ON Wednesday the Queen expressed her sympathy for Matt Hancock, calling him a “poor man”.
Now that he has finally quit, there can surely be no one in the country with a shred of sympathy for the famously “hopeless” former Health Secretary.
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The footage of him checking the coast was clear before enjoying a clinch with his PR aide would — under normal circumstances — have been excruciating.
But these were not normal circumstances. At the very time he was snogging and groping his devoted pal Gina Coladangelo the law prevented indoor social gatherings of different households.
If Mr Hancock had been caught groping his assistant anywhere but his taxpayer-funded Westminster office he could have been fined £200.
Ordinary families made extraordinary sacrifices to meet his demands.
They were unable to kiss their dying relatives for a final time while Mr Hancock — the man banning them from doing so — was playing tonsil tennis like an over-excited sixth form student.
On Tuesday Mr Hancock was due to tell the nation we must endure at least another two weeks of lockdown.
It simply defied all logic that he or Boris Johnson truly believed that this could happen. Mr Hancock appealed for privacy after getting caught out.
However, he was the man responsible for the most draconian crackdown on personal freedom in British history. This was a political crackdown on our personal lives.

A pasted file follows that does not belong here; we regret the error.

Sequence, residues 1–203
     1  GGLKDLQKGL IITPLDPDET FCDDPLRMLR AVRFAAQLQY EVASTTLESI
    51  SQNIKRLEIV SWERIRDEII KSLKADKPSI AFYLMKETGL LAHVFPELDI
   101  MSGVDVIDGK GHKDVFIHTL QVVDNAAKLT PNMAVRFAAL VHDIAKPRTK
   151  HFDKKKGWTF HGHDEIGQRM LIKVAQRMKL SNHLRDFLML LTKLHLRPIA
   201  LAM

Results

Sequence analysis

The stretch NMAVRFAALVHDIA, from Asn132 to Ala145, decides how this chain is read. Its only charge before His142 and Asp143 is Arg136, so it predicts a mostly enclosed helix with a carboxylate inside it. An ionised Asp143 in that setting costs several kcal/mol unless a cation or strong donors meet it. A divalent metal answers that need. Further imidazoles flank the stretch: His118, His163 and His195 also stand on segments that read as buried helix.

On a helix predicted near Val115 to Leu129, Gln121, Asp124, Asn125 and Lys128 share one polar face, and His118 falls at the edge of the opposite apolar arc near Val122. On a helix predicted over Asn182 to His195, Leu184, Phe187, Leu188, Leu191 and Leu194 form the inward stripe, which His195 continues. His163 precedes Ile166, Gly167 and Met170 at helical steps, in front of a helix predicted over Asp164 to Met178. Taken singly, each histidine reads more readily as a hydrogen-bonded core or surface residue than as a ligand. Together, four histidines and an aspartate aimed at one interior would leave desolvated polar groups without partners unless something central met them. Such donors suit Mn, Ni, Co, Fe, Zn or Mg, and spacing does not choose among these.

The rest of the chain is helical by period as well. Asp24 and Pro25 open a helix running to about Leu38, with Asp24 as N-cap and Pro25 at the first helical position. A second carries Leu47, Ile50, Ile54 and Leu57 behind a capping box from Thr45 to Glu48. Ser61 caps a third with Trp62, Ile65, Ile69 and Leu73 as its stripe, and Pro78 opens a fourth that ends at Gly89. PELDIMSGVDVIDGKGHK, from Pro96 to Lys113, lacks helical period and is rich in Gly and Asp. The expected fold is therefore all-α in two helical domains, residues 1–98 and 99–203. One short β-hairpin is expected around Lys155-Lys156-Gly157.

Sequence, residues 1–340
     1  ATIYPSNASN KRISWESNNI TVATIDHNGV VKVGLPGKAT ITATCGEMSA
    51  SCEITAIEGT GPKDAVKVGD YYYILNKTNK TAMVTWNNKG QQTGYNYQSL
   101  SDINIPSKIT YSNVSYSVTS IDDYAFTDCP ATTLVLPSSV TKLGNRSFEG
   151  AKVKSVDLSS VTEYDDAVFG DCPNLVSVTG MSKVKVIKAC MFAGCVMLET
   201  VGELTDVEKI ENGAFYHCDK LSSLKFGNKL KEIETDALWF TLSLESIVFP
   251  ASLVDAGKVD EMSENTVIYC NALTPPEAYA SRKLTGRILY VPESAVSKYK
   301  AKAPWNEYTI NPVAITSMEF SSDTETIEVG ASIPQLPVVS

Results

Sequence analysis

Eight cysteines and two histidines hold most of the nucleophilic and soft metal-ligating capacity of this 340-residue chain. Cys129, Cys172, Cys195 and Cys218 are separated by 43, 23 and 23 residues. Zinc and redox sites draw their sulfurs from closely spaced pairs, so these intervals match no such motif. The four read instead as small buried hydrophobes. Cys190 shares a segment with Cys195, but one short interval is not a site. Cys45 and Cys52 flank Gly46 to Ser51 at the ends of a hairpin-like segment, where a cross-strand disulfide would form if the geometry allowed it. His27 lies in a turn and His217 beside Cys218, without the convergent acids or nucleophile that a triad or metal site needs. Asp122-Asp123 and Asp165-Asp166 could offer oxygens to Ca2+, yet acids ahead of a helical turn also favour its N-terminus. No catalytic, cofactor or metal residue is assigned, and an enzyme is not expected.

Questions also remain over why Miss Coladangelo became his aide in the first place.
We have no doubt that she boasts a flair for marketing her multi-millionaire husband’s range of expensive interior knick-knacks to wealthy shoppers in Kensington.
How this experience was relevant to tackling the greatest peacetime crisis in British history was less clear.
Before he quit, it was always difficult to see how any business executive in the real world could have remained in office after gifting a female pal a plum job and then starting an affair with her.
The former Health Secretary was a formidable political survivor.
To the incredulity of many — including most notoriously Dominic Cummings — he had kept his job despite the PPE and test and trace shambles.
But even he couldn’t dodge the consequences of this tawdry episode.
Mr Hancock can take some credit for having played a role in this country’s world-beating vaccine rollout.
But the longer he stayed in post, the greater the damage he would have done to Boris Johnson and the Government.
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